Saturday, February 22, 2014

Five Favorites: books from January and February

This week: We took our Kendra to visit her potential college home in Denton, TX  The campus tour was lovely, but it's the gigantic used bookstore Recycled Reads that sealed the deal for me!

Five Favorites: my 2014 reading list

-- 1 --

1  The Sparrow by Mary Doria Russell(Ballantine Books, 1997. 408 pages) 
This novel just about wrecked me -- in mostly good ways. Since it falls in the category of Sci-Fi, I'd probably not have picked it up on my own.  But some dear friends shared how much they'd loved the story of -- well, a Jesuit priest in outer space. With only a little bit of experience reading science fiction, I've quickly learned that the power of the genre -- for me -- is the way a well-told story of an imaginary land and its inhabitants can help me reframe the powerful drama of my own land and species in the most surprising, touching ways.  This was the case for me reading about the brave team of space explorers hoping to give and receive love on the planet Rakhat -- for some, even the love of the Gospel of Christ.  The devastating results of offering pure, but misunderstood, love mirrors all the great tragedies we know since the beginning of man.  And the beginning of my very own life on Earth.  

-- 2 --
2  Found: A Story of Questions, Grace and Everyday Prayer by Micha Boyett(Worthy Publishing, 2014. 240 pages)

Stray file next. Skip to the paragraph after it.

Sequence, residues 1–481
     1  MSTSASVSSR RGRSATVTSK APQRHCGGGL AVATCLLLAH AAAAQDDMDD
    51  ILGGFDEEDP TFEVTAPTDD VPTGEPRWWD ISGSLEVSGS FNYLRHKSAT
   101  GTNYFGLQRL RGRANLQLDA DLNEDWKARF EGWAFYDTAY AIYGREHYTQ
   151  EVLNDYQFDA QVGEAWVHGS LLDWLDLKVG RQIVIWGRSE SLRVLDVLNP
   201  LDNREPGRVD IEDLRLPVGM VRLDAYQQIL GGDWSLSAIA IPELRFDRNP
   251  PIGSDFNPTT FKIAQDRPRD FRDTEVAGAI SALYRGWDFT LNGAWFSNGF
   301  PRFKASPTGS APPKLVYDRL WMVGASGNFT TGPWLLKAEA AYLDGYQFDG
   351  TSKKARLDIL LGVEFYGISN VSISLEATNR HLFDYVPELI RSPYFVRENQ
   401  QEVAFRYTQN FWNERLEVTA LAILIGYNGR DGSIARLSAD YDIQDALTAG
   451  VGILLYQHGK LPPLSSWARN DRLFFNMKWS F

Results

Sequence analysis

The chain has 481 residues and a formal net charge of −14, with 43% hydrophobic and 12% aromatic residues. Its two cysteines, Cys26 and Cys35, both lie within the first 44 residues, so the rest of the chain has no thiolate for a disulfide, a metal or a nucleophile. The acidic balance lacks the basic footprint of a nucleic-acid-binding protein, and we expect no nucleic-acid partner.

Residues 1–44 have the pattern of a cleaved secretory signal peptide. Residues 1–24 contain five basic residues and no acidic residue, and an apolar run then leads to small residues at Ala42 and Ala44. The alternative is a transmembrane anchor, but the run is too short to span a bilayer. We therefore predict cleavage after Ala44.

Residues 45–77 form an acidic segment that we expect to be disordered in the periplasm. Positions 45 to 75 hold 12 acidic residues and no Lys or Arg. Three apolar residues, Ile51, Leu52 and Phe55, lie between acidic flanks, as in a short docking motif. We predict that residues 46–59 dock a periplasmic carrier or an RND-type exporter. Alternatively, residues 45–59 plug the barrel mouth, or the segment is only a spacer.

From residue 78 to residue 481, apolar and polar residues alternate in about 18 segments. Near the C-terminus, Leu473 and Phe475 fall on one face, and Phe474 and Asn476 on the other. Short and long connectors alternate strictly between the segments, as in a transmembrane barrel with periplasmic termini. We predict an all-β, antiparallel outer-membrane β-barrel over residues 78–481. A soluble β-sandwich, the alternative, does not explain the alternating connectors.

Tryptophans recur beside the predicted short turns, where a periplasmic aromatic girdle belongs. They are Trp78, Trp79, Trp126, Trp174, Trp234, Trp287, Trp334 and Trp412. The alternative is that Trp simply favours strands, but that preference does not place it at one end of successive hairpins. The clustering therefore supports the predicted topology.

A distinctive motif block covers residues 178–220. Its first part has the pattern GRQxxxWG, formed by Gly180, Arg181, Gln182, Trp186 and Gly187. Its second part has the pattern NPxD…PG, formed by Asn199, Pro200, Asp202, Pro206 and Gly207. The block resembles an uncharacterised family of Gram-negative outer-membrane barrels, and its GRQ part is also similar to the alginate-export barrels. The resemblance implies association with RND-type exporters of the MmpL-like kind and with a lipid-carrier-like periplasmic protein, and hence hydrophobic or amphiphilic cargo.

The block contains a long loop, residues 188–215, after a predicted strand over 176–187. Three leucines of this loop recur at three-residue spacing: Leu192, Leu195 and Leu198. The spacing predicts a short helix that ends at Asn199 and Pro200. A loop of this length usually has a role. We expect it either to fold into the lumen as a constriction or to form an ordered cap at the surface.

I am a lucky woman.  I knew this book while it was in the "womb".  I'm so proud of Micha for persevering not only in the story she tells in these pages: learning to pray when life gets turned upside down not by the tragic, but the daily mundane.  I'm also proud of her for birthing this book while her life kept twisting in unexpected ways.  I'll write a longer review later, but for now want you to know you can pre-order the book before it's April release.

-- 3 --
3  The Class by Erich Segal(Bantam Books, 1986. 560 pages) 
When I was home for Christmas my mom kept mentioning this book she'd just read and enjoyed.  Since she's a good mom she didn't hesitate to send that book right home with me to read on our flight.  An interesting novel based on the very real community of Harvard class of 1958 -- a world in which a GPA didn't guarantee against prejudice or for happiness.

-- 4 --
4  Holy Luck by Eugene Peterson(Wm. B. Eerdmans Publishing Company, 2013. 128 pages)
Ever since Brian and I heard Pastor Peterson speak in 2008 during a symposium for pastors, church leaders in artists in Austin, we have reclaimed the word "luck" as another way to say "We are surprisingly blessed, indeed!"  This small book of poetry reminds me that this man wrote the Message translation of the Bible.  And he knows he is a lucky man, indeed.

-- 5 --
5  Somewhere in France: a novel of the Great War by Jennifer Robson(William Morrow Paperbacks, 2013. 400 pages)
I regularly fill up my library hold list with recommendations from Katie Noah Gibson's monthly blog posts.  Since I'm ever interested in the zeitgeist of Great Britain during the War to end all wars (and the one after that one), this book went on my to-read list.  It was a quick and pleasurable read.  (*If you don't like to read about the act of sex, don't read this novel.  It's not gratuitous, but it is definitely the intended -- pardon the pun -- climax of the story.)

*Go to my Book Pile page to see my reading lists from previous years.*


A book-filled weekend for us all, dear ones.

For more Five Favorites, visit Moxie Wife!

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